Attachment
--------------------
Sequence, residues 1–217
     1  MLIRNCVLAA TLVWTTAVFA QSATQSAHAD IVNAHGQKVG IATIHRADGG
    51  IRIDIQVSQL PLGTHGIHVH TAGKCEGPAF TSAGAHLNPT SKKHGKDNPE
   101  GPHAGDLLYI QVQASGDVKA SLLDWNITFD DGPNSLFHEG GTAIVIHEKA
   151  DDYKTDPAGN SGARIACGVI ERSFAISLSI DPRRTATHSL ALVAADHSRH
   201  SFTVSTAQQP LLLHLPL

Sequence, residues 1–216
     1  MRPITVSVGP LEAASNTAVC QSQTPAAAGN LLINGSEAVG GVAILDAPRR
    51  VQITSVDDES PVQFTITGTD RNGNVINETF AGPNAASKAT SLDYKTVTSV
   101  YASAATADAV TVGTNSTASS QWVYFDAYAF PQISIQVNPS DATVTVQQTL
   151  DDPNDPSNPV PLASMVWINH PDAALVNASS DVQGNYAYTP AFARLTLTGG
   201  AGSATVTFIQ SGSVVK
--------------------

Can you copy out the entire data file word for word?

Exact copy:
Sequence, residues 1–217
     1  MLIRNCVLAA TLVWTTAVFA QSATQSAHAD IVNAHGQKVG IATIHRADGG
    51  IRIDIQVSQL PLGTHGIHVH TAGKCEGPAF TSAGAHLNPT SKKHGKDNPE
   101  GPHAGDLLYI QVQASGDVKA SLLDWNITFD DGPNSLFHEG GTAIVIHEKA
   151  DDYKTDPAGN SGARIACGVI ERSFAISLSI DPRRTATHSL ALVAADHSRH
   201  SFTVSTAQQP LLLHLPL

Sequence, residues 1–216
     1  MRPITVSVGP LEAASNTAVC QSQTPAAAGN LLINGSEAVG GVAILDAPRR
    51  VQITSVDDES PVQFTITGTD RNGNVINETF AGPNAASKAT SLDYKTVTSV
   101  YASAATADAV TVGTNSTASS QWVYFDAYAF PQISIQVNPS DATVTVQQTL
   151  DDPNDPSNPV PLASMVWINH PDAALVNASS DVQGNYAYTP AFARLTLTGG
   201  AGSATVTFIQ SGSVVK